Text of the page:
Five colleges awarded Top Hawk Cessna 172s

Five distinctly badged Top Hawk Cessna 172 aircraft outfitted with Garmin G1000 NXi avionics, Bose A20 headsets, and other options are bound for college aviation programs to support the institutions’ 2018 flight training and recruiting efforts.

Liberty University received a Top Hawk Cessna 172 Skyhawk when the Textron Aviation Inc. program was introduced in 2015. Photo by David Tulis.

California Aeronautical University, Embry-Riddle Aeronautical University-Prescott, Lewis University, Middle Tennessee State University, and the University of Dubuque were chosen Nov. 16 to fly the custom-branded aircraft for the full academic year.

“We are excited for this honor and continuing our progress towards making CAU one of the top aviation universities in the country,” wrote Matthew Johnston, the California school’s president. He indicated the university would “make full utilization” of the Top Hawk during outreach efforts aimed at introducing more people to its aviation program. The Skyhawk will augment a recreational vehicle outfitted with flight simulators that Johnston’s team drives to local high schools to introduce aviation to students studying science, technology, engineering, and math (STEM). The university was the presenting sponsor of the AOPA Fly-In at Camarillo, California, April 28 and 29, and is a supporting sponsor of the association. It traces its roots to the Santa Barbara Business College.

Textron Aviation Inc. launched the Top Hawk partnership program in 2015 during the annual Sun 'n Fun International Fly-In and Expo when it awarded four aircraft to programs at Embry-Riddle Aeronautical University, Kansas State University, Liberty University, and the University of North Dakota. In 2016, Top Hawks were distributed to Kent State University, LeTourneau University, Purdue University, and Westminster College. The Top Hawk partners for 2017 were Auburn University, Eastern Kentucky University, Louisiana State University, Ohio State University, and Southern Illinois University.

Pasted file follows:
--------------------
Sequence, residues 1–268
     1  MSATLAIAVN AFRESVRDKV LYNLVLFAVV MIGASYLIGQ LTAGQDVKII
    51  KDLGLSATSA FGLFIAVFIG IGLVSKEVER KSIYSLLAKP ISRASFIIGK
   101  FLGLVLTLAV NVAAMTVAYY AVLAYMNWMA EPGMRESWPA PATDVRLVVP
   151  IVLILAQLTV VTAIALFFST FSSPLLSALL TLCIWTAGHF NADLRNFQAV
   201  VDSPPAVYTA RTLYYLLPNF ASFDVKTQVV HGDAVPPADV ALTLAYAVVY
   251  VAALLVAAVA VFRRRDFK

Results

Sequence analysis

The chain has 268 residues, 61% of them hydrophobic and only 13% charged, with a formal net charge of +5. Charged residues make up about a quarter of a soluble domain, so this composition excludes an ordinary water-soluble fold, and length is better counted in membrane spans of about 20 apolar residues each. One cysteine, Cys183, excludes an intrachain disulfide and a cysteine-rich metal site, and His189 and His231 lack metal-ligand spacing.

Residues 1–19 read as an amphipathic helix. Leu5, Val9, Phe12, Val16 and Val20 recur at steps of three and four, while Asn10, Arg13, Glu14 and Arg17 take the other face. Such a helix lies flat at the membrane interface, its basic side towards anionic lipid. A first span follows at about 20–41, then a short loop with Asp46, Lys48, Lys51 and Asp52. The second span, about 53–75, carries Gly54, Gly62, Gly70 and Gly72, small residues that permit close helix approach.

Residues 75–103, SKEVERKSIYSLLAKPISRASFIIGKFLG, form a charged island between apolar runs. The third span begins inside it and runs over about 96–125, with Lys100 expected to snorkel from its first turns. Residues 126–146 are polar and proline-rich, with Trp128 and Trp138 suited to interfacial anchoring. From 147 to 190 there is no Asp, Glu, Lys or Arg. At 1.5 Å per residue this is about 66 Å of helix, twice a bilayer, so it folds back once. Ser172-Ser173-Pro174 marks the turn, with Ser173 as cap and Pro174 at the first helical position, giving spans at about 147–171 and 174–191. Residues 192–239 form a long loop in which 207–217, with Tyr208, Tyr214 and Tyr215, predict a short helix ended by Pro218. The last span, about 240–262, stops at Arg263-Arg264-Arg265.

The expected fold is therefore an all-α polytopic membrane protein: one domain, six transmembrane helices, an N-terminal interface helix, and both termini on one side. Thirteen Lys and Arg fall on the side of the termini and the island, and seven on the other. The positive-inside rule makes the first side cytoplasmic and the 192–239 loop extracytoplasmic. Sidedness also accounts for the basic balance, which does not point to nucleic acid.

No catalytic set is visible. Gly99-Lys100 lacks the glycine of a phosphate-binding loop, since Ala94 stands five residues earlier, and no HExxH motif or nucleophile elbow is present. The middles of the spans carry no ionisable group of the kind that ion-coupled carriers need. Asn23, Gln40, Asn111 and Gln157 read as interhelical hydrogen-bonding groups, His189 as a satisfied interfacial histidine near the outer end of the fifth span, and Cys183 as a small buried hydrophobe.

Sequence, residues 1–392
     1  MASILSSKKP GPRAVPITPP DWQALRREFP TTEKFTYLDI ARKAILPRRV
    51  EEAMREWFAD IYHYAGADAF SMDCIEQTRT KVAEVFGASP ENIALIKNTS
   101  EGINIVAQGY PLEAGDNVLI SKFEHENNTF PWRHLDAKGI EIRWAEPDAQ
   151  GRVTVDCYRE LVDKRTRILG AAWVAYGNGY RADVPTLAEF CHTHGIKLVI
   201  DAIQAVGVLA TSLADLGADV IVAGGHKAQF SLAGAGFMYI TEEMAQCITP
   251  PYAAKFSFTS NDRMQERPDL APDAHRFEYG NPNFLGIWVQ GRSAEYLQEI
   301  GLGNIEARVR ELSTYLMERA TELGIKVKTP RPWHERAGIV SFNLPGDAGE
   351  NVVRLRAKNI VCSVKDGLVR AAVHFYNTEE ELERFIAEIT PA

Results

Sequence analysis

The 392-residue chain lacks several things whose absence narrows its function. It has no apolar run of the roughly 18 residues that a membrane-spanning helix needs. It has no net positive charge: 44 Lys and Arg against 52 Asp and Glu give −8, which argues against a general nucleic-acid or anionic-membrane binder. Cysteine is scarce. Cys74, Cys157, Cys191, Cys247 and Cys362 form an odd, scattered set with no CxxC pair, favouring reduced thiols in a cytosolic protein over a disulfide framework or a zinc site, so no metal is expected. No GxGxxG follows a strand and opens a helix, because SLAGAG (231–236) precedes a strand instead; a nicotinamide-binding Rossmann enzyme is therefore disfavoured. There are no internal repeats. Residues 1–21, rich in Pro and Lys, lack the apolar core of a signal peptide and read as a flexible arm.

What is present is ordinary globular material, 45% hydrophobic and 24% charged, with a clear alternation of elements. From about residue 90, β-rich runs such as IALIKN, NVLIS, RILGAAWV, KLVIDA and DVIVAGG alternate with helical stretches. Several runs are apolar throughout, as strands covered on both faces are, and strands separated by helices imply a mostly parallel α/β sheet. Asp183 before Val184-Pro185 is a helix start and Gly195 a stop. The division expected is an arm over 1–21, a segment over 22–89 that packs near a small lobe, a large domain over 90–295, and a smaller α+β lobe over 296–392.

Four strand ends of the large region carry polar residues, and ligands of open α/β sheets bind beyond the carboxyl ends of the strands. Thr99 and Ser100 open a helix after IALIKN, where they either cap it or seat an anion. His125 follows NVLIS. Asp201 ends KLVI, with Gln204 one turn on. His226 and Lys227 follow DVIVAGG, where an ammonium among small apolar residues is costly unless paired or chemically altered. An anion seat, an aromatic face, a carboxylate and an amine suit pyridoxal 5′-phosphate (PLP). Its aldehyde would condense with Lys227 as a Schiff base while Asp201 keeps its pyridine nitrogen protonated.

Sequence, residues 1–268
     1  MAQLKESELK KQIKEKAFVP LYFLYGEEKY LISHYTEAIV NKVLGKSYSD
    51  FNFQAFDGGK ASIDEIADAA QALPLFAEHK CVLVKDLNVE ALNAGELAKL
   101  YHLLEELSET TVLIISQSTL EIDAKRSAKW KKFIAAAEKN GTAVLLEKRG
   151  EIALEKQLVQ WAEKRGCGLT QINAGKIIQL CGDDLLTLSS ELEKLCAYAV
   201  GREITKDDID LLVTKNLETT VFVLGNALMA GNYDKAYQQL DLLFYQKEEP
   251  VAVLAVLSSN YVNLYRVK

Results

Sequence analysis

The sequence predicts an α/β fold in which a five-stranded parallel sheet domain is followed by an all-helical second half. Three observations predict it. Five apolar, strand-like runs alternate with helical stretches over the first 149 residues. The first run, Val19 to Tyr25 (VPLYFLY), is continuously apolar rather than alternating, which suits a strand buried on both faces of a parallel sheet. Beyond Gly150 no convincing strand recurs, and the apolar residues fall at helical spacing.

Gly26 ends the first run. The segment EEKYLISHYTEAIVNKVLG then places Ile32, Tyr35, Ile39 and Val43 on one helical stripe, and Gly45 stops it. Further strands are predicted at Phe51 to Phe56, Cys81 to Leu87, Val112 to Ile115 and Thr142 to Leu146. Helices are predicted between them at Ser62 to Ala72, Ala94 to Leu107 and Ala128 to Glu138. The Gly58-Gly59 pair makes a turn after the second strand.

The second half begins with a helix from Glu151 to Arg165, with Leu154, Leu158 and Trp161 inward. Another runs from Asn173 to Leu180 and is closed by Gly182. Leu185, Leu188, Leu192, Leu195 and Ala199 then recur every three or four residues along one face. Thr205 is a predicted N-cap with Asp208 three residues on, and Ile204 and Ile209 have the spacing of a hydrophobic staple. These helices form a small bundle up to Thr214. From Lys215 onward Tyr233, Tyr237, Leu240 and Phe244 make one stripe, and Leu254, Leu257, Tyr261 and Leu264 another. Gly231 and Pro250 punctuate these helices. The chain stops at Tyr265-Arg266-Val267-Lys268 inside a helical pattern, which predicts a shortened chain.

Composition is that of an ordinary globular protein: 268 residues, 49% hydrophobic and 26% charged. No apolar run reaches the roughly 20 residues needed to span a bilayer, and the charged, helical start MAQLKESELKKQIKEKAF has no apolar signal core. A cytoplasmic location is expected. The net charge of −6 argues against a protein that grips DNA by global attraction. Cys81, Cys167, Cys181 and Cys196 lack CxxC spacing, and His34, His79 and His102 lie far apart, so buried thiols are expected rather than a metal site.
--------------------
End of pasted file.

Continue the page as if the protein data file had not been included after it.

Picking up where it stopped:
Part of the Top Hawk program includes internships for students in which they gain exposure to Textron’s business, maintenance, and dispatch operations. They also participate in ground school classes, build flight hours through flying lessons and discovery flights, and participate in a flying competition that leads to one aviator taking home the coveted Top Hawk honor.

“The real goal of the Top Hawk program is to continue to generate interest among youth of a variety of ages,” explained Doug May, Textron vice president of piston aircraft. He told AOPA that he believes “the momentum is building” in the aviation industry as more young people choose a career path that aligns with some facet of aviation. He noted a variety of opportunities intersect with aviation including careers in information technology, education, weather services, retail, and more.

May said there were “literally hundreds of other ways” people could become involved in general aviation. “One of the things the Top Hawks do is broaden the perspective of what this industry is, what it does for our country, and what it means for people holding a variety of career roles.”

David Tulis

David Tulis

Senior Photographer
Senior Photographer David Tulis joined AOPA in 2015 and is a private pilot with single-engine land and sea ratings and a tailwheel endorsement. He is also a certificated remote pilot and co-host of the award-wining AOPA Hangar Talk podcast. David enjoys vintage aircraft ad photography.
Topics: Flight School, Training and Safety

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